What do you do when you come up against an author who is pretty clearly established as THE major voice of Latin American fiction of the 20th century? It’s not like I’m going to be able to say anything new here – I’m pretty sure everything that could be said has been said about Márquez. So prepare yourself for some discussion that you’ve probably heard a thousand times before.
When Dr. Juvenal Urbino dies, his widow, Fermina Daza, is met with a letter from her childhood sweetheart, Florentino Ariza. He wants, after sixty odd years, to get back together, and grow old with her. And so our story unfolds, covering the lives of these two people, and how they came to be as they are, all against the background of early twentieth century Colombia.
This is, as the title clearly suggests, a novel about love – but I’m not sure it’s actually a love story. And I think there’s a distinction there that I want to talk about for a bit here. Ostensibly, this is a novel about how Fermina Daza and Florentino Ariza (spoliers!) fall in love, fall out of love, and spend their lives with other people. But Márquez does seem to be far more interested in how the concept of “love” actually shapes these two lives, and how it affects the way they interact with the people they meet during their long lives.
Probably the term most people associate with Márquez’s name is magical realism – it almost seems as though you cannot talk about one without the either. Now, either my definition of magical realism is way off, or I’m just really thick. I don’t really see any kind of magical realism in Love in the Time of Cholera. For me, magical realism has always been, essentially, the literary cop out for when a “real” author writes something that has fantastical elements in it, and I usually think that to mean mystical creatures, wizards, or even weird supernatural happenings, a la Murakami. Nothing like that really happens here. In fact, tying it back into what I was talking about above, this is a truly Romantic novel, with a capital R. He’s working with only a few main characters, but the canvas he’s working on is pretty huge, and covers a pretty vast stretch of time. And he does want to deal with the idea of love, and how love affects people – in both positive and negative ways.
The vast majority of the novel hinges around one decision made by an impulsive young girl who, seemingly on a whim, decides that her fairytale romance, conducted almost entirely through letters, is too ridiculous, and ends it. Just like that. One has to wonder what it was that caused her to do this, and it took me a long time to work through it. I still don’t think I really understand the reason for Fermina Daza’s rejection, and it jarred with me for quite a while. Perhaps it was a youth thing. Maybe she thought love couldn’t possibly come to someone as young as her, and so she rejected it, waiting for ‘real’ love to arrive.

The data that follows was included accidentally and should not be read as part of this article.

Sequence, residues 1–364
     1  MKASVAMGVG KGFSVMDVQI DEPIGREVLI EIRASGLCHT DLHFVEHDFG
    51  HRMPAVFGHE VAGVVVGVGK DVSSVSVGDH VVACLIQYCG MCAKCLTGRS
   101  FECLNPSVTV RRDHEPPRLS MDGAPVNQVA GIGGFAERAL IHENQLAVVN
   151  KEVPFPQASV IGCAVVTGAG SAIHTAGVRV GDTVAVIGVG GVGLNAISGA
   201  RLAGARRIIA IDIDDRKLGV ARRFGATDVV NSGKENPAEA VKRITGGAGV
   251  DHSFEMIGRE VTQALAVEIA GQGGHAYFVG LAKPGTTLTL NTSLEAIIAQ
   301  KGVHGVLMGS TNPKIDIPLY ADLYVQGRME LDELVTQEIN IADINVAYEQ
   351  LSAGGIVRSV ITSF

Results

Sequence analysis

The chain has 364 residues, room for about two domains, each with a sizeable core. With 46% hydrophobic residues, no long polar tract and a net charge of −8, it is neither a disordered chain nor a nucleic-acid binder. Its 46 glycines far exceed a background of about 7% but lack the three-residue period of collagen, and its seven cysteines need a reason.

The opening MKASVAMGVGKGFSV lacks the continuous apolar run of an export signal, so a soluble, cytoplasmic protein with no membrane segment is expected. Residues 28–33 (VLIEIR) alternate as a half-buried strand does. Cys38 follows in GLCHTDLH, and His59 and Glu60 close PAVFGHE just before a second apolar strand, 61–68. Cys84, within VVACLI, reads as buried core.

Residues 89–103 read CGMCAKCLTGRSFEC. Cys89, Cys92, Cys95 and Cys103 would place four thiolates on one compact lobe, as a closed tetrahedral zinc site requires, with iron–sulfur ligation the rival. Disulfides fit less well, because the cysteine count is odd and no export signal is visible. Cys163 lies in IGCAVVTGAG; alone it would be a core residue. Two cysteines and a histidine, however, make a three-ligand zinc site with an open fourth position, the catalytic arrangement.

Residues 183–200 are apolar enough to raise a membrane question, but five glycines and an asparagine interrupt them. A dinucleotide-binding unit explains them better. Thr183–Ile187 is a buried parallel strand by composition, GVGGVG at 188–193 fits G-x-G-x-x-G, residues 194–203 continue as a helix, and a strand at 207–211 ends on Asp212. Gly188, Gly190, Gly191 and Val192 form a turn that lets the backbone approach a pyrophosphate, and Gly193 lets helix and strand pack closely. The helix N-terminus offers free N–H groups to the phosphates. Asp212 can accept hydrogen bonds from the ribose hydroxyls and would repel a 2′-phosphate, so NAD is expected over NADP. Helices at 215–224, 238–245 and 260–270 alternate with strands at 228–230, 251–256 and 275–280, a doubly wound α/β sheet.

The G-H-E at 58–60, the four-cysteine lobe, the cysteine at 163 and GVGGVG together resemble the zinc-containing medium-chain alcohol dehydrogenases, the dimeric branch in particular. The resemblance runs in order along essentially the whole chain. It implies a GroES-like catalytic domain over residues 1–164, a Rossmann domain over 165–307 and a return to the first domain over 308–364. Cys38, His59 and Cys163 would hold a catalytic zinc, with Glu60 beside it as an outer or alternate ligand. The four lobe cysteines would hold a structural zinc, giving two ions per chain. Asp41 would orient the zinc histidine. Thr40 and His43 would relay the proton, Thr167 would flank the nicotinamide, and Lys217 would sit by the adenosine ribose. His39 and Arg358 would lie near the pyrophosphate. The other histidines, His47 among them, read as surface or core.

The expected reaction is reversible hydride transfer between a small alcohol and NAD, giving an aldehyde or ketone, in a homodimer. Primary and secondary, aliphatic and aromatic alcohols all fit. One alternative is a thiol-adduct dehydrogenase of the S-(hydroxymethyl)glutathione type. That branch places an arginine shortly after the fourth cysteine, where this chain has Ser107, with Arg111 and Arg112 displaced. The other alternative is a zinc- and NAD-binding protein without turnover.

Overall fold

Of course, neither Fermina Daza nor Florentino Ariza are happy throughout their lives. Fermina Daza quickly realises that her husband is not someone she particularly likes, and yet remains with him, stubbornly not thinking about what her life could be like. Florentino Ariza, on the other hand, remains obsessed with what might have been, and spends his life waiting for Urbino to die. What interests me most about Ariza is the fact that he can completely dissociate love from sex, so much so that, despite being a giant man whore for the entire novel, he can say to Fermina Daza at the end of it, with a straight face, that he is a virgin, having saved himself for her. His love for her is what sustains him throughout his life, often to his detriment.
Actually, what I find quite ironic about the whole thing is that, having read Roberto Bolaño, and being a pretty big fan, it’s interesting to come back and see what he was reacting against. Bolaño and his crew were all about creating a new kind of South American fiction, one that moved well away from the established voices of Márquez et al. But not really knowing anything about what he was reacting against, it’s nice to come back and see the original stuff. I don’t think this is bad literature – I really enjoyed reading it. But I can understand why someone like Bolaño might get frustrated with Márquez’s work. Márquez sees his world as a truly Romantic place, where love abounds, and there is a romanticised view of the town in which these characters live. Despite the name, cholera is only ever a spectre here. And it is kind of safe. I don’t know if that’s just ’cause I’m reading it 25 years after the fact, but it doesn’t feel revolutionary or genre-bendingly.
And I’ve decided I have to stop reading blurbs. Every time I read one, the twist in the middle of the novel is spoiled, or it is only tangentially related to what the novel is about. Seriously, people.